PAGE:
Jun. 28th, 2009

eggwards: (Default)
Not that I'm one to replay tweets here, but this morning I decided to post a little note about the 40th Anniversary of Stonewall. I did so not only to commemorate the brave men and women who stood up and decided to push back against being targeted by the police. It was a win for dignity. Sure, it wasn't anything to new to most but on Twitter I have some college friends and others who aren't as aware of gay-bear-world, so it was a good thing to mention there.

Now not more than an hour after I post that, I see a notice from the Dallas Voice that the Ft. Worth police along with the Texas Alcoholic Beverage Commission (TABC - the states licensers of bars and has an enforcement wing) descended on the week-old Rainbow Lounge last night. They brought a paddy wagon, so they were definitely there expecting to arrest people and make a big splashy raid of the bar.

While I could say that it is possible that the Ft Worth police could be unaware of Stonewall and all that. It's not exactly taught in school. Still, here's a bar that's only been around a week, and you say that there's been enough complaints that it would warrant a raid. It seems awfully strange to me, and naturally my thoughts tend to go to the idea that the police wanted to make a statement, and not a very good one.

It's just one of those things on a day like today you want to say look how far we've come, and all the progress, even if there's still a lot more to be done. Then something comes along and takes it all back.

With Stonewall, there's always the theory that the patrons were mad that it was hot and Judy Garland had died just days before, but I really think that having to hide, and having to be afraid of the police and their raids were the real problem. The fact that getting caught could ruin your life was a factor for a big backlash. Raids were a normal thing then.

While it's an interesting thought that the people at the Rainbow lounge were getting out of the heat, and they were lamenting the deaths of Farrah Faucett and Michael Jackson, but frankly they didn't really make much of a fuss about the raid, and the police did cuff and take people out of the bar so they could charge them with being drunk in public.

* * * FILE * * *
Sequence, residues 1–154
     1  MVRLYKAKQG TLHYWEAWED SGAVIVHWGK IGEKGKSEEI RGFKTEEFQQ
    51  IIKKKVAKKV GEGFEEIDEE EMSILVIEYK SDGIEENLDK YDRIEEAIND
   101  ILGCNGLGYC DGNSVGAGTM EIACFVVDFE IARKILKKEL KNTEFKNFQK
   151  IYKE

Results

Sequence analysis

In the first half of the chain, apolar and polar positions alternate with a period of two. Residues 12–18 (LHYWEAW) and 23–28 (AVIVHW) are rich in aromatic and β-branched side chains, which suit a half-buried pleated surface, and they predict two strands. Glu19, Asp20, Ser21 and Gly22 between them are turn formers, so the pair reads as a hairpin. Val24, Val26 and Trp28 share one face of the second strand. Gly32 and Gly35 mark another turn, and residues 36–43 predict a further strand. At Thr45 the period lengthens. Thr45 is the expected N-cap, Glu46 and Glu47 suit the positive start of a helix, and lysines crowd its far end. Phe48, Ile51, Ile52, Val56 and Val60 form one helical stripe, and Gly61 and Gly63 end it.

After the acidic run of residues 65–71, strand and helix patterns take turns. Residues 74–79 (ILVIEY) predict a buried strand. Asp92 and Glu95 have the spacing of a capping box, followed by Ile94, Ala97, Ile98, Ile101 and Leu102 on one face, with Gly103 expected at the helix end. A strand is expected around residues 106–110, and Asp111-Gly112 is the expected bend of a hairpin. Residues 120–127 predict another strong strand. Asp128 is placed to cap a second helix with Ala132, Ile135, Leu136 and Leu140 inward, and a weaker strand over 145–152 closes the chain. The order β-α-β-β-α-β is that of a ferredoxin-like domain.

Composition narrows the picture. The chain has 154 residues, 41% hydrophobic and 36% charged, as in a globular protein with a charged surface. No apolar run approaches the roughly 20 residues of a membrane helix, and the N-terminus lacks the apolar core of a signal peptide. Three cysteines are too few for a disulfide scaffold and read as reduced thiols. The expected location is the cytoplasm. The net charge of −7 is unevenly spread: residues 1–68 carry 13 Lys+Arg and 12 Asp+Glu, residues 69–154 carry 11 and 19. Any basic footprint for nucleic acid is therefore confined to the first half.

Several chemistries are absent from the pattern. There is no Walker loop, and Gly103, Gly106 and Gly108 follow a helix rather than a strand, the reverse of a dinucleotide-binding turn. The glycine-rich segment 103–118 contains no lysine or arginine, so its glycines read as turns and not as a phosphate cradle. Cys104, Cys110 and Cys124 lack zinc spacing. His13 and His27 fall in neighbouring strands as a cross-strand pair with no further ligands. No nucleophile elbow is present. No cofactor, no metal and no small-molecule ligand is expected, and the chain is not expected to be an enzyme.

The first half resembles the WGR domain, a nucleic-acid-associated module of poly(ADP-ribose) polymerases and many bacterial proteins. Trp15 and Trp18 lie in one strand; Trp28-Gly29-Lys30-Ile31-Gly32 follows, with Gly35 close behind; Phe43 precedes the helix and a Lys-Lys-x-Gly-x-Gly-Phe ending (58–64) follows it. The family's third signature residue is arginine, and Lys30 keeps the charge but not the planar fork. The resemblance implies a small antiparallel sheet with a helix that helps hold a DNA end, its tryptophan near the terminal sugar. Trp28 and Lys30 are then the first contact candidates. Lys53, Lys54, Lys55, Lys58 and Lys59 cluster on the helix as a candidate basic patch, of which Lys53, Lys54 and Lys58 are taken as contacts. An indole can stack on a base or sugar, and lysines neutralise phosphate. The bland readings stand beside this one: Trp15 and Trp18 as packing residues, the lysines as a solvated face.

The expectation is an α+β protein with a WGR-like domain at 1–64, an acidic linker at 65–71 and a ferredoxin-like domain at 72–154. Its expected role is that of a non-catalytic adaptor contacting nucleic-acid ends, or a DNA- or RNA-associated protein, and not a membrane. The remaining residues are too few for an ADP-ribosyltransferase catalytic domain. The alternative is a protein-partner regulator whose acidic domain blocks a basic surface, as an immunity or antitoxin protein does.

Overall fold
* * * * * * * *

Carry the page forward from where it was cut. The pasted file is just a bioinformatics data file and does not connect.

Really, I don't think a riot was warranted. Today we should be able to go through the right channels to get answers and we are still waiting for the Ft. Worth police and the TBAC to give us a good reason why the bar was targeted, and why this particular weekend. We have a voice now, where as 40 years ago we didn't, and we need to get answers. If we don't get answers, then it's time to get angry.

Something's fishy here, but let's see what the full picture is, and if it's just the police trying to make a "point" they better be able to defend that point. I doubt that there's really much to stand on for them.

So 40 years from Stonewall we still have to fight and struggle for freedom from discrimination, for dignity, and for the equal rights that we are promised in the constitution. Things are much better, and I'm happy that I can live out and openly, but I know that openness can only go so far as there are not the full protections of the government for me, protections in the workplace, respect for my relationship, and the e ability to pursue happiness just like any other American.

I'm thankful for the people who threw shoes and talked back, I'm happy they got the ball rolling and made it so I could live a better life, but we need to honor them by continuing to push back and strive for true equality.


eggwards: (Default)

February 2013


Most Popular Tags

Style Credit

Expand Cut Tags

No cut tags
Page generated Sep. 22nd, 2017 06:07 am
Powered by Dreamwidth Studios